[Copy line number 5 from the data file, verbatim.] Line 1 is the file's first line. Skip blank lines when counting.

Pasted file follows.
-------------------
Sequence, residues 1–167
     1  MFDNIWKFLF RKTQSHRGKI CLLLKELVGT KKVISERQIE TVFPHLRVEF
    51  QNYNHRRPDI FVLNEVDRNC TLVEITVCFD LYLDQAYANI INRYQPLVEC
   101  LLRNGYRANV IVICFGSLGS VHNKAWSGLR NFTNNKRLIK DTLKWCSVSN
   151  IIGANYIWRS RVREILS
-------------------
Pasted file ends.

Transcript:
   151  IIGANYIWRS RVREILS